Member Spotlight: Shannon Pendleton

By LeAnne Harvey

Posted March 4, 2020


We’re spotlighting Shannon Pendleton, founder of Sanderson Architectural and a founding Council Member of the Green Building United Passive House Community. Shannon shares her thoughts on the role of a designer, her concern for affordable housing, and the importance of working together to solve the climate crisis. 

Please describe your current position.

I’m the Sole Practitioner of Sanderson Architectural, emphasizing Architectural Design, and Passive House Consulting. My work is typically mission driven, sustainable, residential and light construction. Most days I’m either designing for clients, or working pro-bono.


What is Sanderson Architectural doing to advance a sustainable built environment?

Sharing and trusting the process. It’s so important to set clear goals. To do that, listening, learning, and educating clients on their options and then defining the unique advancements their project can achieve is just the start. The opportunities are always different. Each project has a totally different site, history, set of goals, or different team. As designers, we have to be “process stewards” so the client, design and build teams remain invested and responsible for protecting the goals from beginning to end.

Why is green building and sustainability important to you?

It’s a measure of doing what’s inherently right. In its evolution, green building has gone from an intuitive process, to a defined measure of all natural and man made things involved in the building process. I love that we can quantify it, and the benefits and impact our projects will have.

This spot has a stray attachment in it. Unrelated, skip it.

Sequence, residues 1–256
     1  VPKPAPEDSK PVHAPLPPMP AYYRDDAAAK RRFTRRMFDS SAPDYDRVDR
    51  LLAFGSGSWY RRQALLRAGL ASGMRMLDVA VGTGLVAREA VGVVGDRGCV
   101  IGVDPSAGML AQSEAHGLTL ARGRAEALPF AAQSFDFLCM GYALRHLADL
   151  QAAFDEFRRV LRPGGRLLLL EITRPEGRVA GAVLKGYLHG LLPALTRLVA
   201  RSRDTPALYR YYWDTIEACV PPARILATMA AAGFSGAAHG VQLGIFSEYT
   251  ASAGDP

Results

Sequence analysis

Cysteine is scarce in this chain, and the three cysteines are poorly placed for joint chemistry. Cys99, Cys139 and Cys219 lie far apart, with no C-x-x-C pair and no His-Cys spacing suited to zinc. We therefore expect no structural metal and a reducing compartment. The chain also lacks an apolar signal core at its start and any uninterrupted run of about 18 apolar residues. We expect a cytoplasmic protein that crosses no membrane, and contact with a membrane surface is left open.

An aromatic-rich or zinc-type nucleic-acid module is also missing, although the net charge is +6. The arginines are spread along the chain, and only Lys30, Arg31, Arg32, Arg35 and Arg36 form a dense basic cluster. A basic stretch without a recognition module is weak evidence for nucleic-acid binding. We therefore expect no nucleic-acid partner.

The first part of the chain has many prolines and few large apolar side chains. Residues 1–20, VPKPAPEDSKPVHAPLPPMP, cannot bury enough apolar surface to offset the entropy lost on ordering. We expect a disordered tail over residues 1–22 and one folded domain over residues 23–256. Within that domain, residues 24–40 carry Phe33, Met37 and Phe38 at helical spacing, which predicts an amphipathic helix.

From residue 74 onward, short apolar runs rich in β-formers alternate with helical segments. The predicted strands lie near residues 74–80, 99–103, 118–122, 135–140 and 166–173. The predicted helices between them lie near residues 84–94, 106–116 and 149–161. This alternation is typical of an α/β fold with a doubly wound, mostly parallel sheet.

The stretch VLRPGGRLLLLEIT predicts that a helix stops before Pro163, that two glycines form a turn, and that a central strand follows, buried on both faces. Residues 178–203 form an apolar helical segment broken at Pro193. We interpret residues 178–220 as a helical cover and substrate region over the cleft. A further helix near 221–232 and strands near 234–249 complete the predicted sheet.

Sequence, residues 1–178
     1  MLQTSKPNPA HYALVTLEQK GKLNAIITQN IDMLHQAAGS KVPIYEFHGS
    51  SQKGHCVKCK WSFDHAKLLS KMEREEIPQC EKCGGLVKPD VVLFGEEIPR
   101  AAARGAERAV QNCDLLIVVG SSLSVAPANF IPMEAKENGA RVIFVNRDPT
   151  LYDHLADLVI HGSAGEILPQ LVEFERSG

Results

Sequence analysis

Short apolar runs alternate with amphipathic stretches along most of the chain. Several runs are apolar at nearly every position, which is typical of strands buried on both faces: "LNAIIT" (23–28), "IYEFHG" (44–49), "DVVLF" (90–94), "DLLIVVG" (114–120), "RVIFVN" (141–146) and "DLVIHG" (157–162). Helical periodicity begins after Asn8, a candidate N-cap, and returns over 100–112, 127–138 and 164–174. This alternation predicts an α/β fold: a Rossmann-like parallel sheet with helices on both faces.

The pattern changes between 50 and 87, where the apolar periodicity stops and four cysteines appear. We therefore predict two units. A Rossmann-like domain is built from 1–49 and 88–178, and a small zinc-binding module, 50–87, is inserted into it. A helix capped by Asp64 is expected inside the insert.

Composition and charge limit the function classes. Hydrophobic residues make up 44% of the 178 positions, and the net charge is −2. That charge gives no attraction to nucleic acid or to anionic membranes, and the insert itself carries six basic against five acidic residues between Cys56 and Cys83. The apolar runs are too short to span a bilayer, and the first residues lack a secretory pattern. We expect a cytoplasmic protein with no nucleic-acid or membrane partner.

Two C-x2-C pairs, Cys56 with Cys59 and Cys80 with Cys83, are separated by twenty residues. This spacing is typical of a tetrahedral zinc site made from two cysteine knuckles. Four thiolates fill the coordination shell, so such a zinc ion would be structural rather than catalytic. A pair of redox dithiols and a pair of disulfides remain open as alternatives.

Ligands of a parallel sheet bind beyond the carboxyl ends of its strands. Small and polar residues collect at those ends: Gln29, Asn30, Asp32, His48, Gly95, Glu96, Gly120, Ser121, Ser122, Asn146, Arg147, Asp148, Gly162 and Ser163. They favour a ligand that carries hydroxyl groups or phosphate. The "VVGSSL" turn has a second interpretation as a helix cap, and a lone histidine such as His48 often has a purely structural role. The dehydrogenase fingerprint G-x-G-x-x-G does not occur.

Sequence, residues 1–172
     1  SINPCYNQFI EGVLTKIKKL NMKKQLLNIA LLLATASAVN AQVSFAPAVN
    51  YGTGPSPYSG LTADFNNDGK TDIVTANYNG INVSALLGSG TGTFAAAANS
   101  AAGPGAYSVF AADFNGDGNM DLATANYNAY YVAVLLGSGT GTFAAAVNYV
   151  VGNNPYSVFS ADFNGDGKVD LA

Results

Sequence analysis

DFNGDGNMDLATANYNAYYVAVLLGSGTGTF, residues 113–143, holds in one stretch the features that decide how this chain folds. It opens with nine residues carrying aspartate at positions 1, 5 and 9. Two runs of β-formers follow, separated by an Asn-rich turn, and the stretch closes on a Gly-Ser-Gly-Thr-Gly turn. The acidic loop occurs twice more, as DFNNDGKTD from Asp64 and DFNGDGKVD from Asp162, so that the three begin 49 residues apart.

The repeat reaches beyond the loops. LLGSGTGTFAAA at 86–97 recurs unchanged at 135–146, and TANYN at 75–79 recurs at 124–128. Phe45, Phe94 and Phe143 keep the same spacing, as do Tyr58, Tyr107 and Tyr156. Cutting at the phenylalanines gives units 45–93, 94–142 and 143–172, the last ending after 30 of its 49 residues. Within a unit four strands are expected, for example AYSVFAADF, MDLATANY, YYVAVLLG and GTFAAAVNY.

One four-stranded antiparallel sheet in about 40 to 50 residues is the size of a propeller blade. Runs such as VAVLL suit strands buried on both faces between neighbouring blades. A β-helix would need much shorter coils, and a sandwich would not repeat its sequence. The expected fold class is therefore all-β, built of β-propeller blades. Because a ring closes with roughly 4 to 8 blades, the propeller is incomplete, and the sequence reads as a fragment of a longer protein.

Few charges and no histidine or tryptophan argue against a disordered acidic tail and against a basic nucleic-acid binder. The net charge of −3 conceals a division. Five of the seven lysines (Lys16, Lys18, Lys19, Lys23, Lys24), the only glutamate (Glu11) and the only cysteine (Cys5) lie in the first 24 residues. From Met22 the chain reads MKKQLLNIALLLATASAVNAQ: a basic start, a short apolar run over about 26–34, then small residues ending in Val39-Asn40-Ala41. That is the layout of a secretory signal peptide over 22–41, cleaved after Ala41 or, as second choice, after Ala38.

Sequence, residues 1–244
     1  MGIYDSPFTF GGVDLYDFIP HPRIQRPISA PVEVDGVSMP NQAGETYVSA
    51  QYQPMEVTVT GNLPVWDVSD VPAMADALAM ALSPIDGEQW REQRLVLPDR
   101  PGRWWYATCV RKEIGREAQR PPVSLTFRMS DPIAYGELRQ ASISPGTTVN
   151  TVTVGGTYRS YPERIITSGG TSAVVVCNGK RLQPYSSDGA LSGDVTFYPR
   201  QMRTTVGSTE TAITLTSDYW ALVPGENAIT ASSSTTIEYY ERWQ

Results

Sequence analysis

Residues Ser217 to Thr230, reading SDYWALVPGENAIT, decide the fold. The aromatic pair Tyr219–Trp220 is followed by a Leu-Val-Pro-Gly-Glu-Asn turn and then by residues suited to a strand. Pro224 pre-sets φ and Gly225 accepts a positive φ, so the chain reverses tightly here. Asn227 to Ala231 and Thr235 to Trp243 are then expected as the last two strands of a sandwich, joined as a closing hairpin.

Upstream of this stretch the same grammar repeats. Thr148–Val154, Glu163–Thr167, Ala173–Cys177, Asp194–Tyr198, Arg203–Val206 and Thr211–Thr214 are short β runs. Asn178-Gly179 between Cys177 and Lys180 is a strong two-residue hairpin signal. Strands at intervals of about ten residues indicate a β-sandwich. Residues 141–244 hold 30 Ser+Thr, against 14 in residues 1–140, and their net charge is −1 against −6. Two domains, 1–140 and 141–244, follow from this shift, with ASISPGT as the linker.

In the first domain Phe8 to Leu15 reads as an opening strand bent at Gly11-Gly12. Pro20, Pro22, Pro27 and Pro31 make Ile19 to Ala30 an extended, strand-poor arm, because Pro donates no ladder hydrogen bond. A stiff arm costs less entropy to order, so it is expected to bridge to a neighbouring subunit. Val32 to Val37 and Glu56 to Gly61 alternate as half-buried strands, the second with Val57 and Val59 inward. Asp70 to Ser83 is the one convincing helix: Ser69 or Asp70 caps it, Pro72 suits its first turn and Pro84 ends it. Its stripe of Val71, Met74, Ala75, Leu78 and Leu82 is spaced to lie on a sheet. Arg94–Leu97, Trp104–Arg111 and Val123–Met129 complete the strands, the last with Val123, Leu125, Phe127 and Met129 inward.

Which sustainability topics do you feel are most pressing at this time?

For me it’s the housing crisis. We all know Americans are the 2nd largest energy users & 40% of that energy is invested in our buildings and operation. With our city’s declining housing stock destined to deteriorate or be replaced, we’re exposing the poorest among us to severe illness and homelessness. The sustainable design and advocacy that’s required to solve this crisis in a fair and energy neutral or positive way, is the largest problem I think we face as a nation. Sustainable designers need to design for equity and affordability, low carbon solutions, low utility bills, low maintenance, and resilience during power outages. How we reconstruct or replace these homes will determine the health of our neighbors, communities, nation, and influence in the world.

What resources or advice have you found most helpful in your green building profession?

A Youthbuild student asked a room of Green Building United sustainable professionals recently, “To make a difference, is it one person acting alone, or is it many people working together?” This reminds me how heavily I rely on the network of organizations and their talented staff members working to lift up our entire community. Locally my resources are: Green Building United, Delaware Riverkeeper Network, The Philadelphia Citizen, AIA Philadelphia, Philabundance, Habitat for Humanity Philadelphia, GRID, Philly thrive... I know there are others I’m not thinking of. Beyond Philly I follow 475, Rocky Mountain Institute, Building Science Corporation, PHIUS, Clean Energy Finance Forum, Passive House Accelerator, Living Future Institute, Environmental Leader, Environment + Energy, Building Green, GreenHome Institute, Building Science Podcast, NAPHN... I get too many emails to read but FOMO prevents me from unsubscribing!